Clear Answers to Clear Questions

Well, isn't that typical! you will probably say. The author gives fishy, commonplace answers to the most important questions. I'd like to know what I should test and what I shouldn't! To contain your temper a little, I will try to give you a few "concrete" answers in the following sections.

Tests per Class

Should each class have its own test class?

Yes. Each nontrivial class should have at least one test class. Trivial classes are, for example, exception classes that do nothing but implement standard constructors and pass parameters to super. The differentiating answer is, Does that class have its own logic?

Getters and Setters

Should I test simple getters and setters of attributes?

Ron Jeffries says no, because we can see at a glance that they are correct. I don't accept that as a sufficient argument because we cannot be sure that extensions and refactorings will have an impact on the code which we currently know to be correct. However, most of the time these trivial methods don't require dedicated tests since they are already used—and thereby tested—in other test cases. If this is not the case, then a dedicated settergetter test method will at least do no harm.

Non-Public Object Properties

A brief definition of terms appears to be useful at this point. We use the term public for everything that can be accessed from outside of our unit under test. When testing a single class, then protected and package-scope methods are also regarded as public. In contrast, when testing a subsystem where all classes are within one package, then only methods and constants with the access specification public are public. This leads us to two related, but different questions:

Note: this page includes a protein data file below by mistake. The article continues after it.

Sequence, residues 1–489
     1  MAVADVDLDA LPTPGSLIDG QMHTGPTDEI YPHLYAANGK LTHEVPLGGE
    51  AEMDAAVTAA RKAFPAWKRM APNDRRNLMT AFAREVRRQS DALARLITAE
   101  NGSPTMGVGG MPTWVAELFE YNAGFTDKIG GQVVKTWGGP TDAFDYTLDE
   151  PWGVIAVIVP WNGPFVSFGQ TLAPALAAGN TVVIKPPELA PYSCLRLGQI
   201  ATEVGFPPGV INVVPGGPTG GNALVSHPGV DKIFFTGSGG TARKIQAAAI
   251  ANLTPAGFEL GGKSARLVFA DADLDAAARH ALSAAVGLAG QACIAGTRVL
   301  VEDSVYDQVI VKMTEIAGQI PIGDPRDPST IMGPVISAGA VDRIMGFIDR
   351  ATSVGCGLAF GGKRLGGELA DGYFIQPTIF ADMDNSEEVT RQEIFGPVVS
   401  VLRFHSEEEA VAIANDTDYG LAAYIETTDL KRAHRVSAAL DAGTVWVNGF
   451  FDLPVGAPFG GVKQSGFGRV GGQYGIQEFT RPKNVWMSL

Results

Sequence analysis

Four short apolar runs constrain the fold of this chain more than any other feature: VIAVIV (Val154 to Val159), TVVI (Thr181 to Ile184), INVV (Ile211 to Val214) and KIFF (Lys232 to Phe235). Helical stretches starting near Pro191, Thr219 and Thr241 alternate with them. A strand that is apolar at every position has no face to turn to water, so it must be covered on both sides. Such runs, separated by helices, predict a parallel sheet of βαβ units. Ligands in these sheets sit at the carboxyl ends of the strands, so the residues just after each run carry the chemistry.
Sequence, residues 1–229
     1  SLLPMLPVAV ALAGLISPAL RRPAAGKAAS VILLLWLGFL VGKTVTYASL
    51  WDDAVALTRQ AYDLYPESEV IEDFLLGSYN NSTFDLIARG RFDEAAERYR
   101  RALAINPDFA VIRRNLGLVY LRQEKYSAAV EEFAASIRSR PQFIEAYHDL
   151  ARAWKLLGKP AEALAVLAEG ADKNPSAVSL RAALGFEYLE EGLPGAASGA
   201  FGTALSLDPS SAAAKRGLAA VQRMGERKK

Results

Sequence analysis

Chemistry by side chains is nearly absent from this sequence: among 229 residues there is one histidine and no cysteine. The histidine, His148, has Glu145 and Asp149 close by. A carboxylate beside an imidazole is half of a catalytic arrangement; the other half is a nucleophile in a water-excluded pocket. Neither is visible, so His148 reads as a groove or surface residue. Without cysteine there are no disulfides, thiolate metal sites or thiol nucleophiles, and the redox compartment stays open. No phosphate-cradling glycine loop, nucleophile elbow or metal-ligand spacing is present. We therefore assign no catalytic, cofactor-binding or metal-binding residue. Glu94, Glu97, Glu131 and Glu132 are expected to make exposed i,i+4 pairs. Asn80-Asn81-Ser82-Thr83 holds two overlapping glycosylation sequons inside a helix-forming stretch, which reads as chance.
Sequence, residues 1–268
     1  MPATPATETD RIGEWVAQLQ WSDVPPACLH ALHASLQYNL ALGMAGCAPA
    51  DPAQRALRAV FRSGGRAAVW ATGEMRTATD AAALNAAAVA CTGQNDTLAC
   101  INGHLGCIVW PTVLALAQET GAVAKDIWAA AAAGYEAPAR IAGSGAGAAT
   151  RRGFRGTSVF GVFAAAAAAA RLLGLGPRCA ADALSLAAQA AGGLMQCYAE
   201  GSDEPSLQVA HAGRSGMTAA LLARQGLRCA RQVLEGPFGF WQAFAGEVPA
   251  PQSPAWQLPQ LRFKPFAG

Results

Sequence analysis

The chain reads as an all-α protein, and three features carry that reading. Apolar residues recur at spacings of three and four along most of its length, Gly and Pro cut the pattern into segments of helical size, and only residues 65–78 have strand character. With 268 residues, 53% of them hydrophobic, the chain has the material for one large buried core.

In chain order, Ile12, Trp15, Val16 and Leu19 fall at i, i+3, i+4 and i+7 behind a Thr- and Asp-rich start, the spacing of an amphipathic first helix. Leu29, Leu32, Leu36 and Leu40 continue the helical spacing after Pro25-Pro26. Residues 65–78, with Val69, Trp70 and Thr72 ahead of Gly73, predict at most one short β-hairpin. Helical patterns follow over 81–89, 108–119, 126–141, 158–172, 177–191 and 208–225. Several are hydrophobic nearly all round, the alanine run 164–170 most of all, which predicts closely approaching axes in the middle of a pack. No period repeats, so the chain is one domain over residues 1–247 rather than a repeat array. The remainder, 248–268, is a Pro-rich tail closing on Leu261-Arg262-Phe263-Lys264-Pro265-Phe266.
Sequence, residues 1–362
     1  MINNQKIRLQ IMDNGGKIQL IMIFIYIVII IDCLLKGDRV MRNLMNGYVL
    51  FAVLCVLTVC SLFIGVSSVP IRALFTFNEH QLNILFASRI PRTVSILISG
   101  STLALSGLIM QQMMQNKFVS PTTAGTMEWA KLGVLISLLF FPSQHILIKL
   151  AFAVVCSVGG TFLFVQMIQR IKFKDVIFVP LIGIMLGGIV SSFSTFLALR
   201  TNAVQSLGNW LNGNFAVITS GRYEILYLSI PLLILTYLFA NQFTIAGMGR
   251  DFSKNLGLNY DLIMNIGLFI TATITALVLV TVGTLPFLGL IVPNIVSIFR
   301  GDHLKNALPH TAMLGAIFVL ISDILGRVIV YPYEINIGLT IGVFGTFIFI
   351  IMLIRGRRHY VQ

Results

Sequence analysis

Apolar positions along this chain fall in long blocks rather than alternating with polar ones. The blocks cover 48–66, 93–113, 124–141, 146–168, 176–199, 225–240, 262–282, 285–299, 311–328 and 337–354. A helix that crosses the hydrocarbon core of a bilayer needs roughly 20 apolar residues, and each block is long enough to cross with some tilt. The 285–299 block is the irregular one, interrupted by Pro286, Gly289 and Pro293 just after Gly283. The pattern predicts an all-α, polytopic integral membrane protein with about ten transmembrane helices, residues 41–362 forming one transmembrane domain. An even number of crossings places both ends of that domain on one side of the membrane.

Should we test non-public methods? [4]

The supporters argue that even private methods can be very complex so that something in them can go wrong. However, the drawbacks in testing private methods predominate. They make refactoring more difficult and increase the maintenance effort, because they are strongly implementation-dependent tests, and we have to use a few tricks to be able to invoke them at all (as we next discuss). When using the test-first approach, wishing to test private methods is mainly a code smell matter. Either the method in question is actually part of the public interface (for which there is no client code yet) and if so, we should simply replace private with public and everything will be alright. Or, a new helper object is waiting to be born and in that event the method would be public. However, everything will look different during subsequent testing. Unfortunately, there is rarely an alternative to grasping the nettle: before we can start cleaning up inherited unknown code, we need workable tests as a safety net (see also , , Unit Testing for Existing Software. In such a case, we can only hope that these tests will prove to be a mere transitional stage.

Should we allow tests to access internal things?

By "internal things," we mean non-public methods and attributes. The benefit is that it would allow us to test many post-conditions with much less effort, compared to the situation where we have to rely on the public interface. The drawback is again the high implementation dependence of such test cases. Ron Jeffries answers this question pragmatically: "those who believe that an important test can be realized only by accessing implementation details should do this. If the implementation proves to be too erratic, we will notice it very quickly. On the other hand, if the implementation remains stable, then the non-public feature may be an unrecognized public feature looking for its client." [5] Once we have decided to break the object's private sphere, we will have to clarify how to technically access private methods and attributes. The following options are available: we can change the access restriction for testing purposes, or we can use reflection (from JDK 1.2 up) or mock objects to mitigate the problem and possibly avoid it.